22 found
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  1.  82
    How is Recalcitrant Emotion Possible?Hagit Benbaji - 2013 - Australasian Journal of Philosophy 91 (3):577-599.
    A recalcitrant emotion is an emotion that we experience despite a judgment that seems to conflict with it. Having been bitten by a dog in her childhood, Jane cannot shake her fear of dogs, including Fido, the cute little puppy that she knows to be in no way dangerous. There is something puzzling about recalcitrant emotions, which appear to defy the putatively robust connection between emotions and judgments. If Jane really believes that Fido cannot harm her, what is she afraid (...)
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  2.  81
    Is Thomas Reid a Direct Realist About Perception?Hagit Benbaji - 2009 - European Journal of Philosophy 17 (1):1-29.
    The controversy over the interpretative issue—is Thomas Reid a perceptual direct realist?—has recently had channelled into it a host of imaginative ideas about what direct perception truly means. Paradoxically enough, it is the apparent contradiction at the heart of his view of perception which keeps teasing us to review our concepts: time and again, Reid stresses that the very idea of any mental intermediaries implies scepticism, yet, nevertheless insists that sensations are signs of objects. But if sensory signs are not (...)
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  3. Constitution and the Explanatory Gap.Hagit Benbaji - 2008 - Synthese 161 (2):183-202.
    Proponents of the explanatory gap claim that consciousness is a mystery. No one has ever given an account of how a physical thing could be identical to a phenomenal one. We fully understand the identity between water and H2O but the identity between pain and the firing of C-fibers is inconceivable. Mark Johnston [Journal of philosophy , 564–583] suggests that if water is constituted by H2O, not identical to it, then the explanatory gap becomes a pseudo-problem. This is because all (...)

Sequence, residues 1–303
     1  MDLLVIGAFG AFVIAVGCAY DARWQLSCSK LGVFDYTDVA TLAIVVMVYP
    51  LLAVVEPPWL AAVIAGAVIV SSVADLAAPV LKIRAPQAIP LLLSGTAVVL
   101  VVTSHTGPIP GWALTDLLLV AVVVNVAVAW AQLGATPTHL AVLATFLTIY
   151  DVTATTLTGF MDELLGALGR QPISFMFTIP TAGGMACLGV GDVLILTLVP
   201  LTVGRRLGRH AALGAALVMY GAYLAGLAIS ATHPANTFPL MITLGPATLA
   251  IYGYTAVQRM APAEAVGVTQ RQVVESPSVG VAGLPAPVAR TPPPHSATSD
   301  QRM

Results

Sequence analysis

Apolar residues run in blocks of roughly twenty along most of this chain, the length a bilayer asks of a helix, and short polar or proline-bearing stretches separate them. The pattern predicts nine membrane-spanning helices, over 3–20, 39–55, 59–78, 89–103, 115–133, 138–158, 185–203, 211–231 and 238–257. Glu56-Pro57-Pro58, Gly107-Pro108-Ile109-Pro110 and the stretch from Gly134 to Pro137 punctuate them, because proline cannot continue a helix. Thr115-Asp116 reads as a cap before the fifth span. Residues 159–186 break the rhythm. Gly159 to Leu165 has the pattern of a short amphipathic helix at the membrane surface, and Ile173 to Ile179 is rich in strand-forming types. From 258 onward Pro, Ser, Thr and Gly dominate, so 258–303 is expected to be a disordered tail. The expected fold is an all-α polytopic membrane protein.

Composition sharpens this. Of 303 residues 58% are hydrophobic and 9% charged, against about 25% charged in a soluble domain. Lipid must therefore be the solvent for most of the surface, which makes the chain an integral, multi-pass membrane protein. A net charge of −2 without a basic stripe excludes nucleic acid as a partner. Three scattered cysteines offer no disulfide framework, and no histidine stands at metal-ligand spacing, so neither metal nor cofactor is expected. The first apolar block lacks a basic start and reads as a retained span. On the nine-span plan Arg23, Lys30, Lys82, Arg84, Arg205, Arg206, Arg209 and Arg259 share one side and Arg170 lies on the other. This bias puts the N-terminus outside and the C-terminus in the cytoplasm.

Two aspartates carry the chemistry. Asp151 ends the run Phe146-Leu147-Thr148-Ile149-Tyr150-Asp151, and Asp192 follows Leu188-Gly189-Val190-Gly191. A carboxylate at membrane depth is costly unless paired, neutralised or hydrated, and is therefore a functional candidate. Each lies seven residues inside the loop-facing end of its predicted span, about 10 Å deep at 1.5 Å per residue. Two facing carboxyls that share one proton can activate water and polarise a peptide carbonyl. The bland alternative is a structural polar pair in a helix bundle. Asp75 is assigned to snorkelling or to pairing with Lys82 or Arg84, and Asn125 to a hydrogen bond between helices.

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  4.  52
    The Charitable Perspective: Forgiveness and Toleration as Supererogatory.Hagit Benbaji & David Heyd - 2001 - Canadian Journal of Philosophy 31 (4):567-586.
  5.  22
    Reid on Causation and Action.Hagit Benbaji - 2003 - Journal of Scottish Philosophy 1 (1):1-19.
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  6.  11
    On the Asymmetry Between Twin Earth and Inverted Earth.Hagit Benbaji - 2018 - Pacific Philosophical Quarterly 99 (S1):137-150.
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  7. Reid's View of Aesthetic and Secondary Qualities.Hagit Benbaji - 1999 - Reid Studies 2:31-46.
     
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  8.  46
    Why Colour Primitivism?Hagit Benbaji - 2016 - Australasian Journal of Philosophy 94 (2):243-265.
    Primitivism is the view that colors are sui generis properties of physical objects. The basic insight underlying primitivism is that colours are as we see them, i.e. they are categorical properties of physical objects—simple, monadic, constant, etc.—just like shapes. As such, they determine the content of colour experience. Accepting the premise that colours are sui generis properties of physical objects, this paper seeks to show that ascribing primitive properties to objects is, ipso facto, ascribing to objects irreducible dispositions to look (...)
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  9.  37
    What Can We Not Do at Will and Why.Hagit Benbaji - 2016 - Philosophical Studies 173 (7):1941-1961.
    Recently it has been argued that we cannot intend at will. Since intentions cannot be true or false, our involuntariness cannot be traced to “the characteristic of beliefs that they aim at truth”, as Bernard Williams convincingly argues. The alternative explanation is that the source of involuntariness is the shared normative nature of beliefs and intentions. Three analogies may assimilate intentions to beliefs vis-à-vis our involuntariness: first, beliefs and intentions aim at something; second, beliefs and intentions are transparent to the (...)
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  10.  48
    Emotional Insight, by Michael S. Brady.Hagit Benbaji - 2015 - Australasian Journal of Philosophy 93 (1):173-175.
  11.  90
    Two-Dimensionalism and the “Knowing Which” Requirement.Hagit Benbaji - 2008 - Acta Analytica 23 (1):55-67.
    Two-dimensional semantics aims to eliminate the puzzle of necessary a posteriori and contingent a priori truths. Recently many argue that even assuming two-dimensional semantics we are left with the puzzle of necessary and a posteriori propositions. Stephen Yablo (Pacific Philosophical Quarterly, 81, 98–122, 2000) and Penelope Mackie (Analysis, 62(3), 225–236, 2002) argue that a plausible sense of “knowing which” lets us know the object of such a proposition, and yet its necessity is “hidden” and thus a posteriori. This paper answers (...)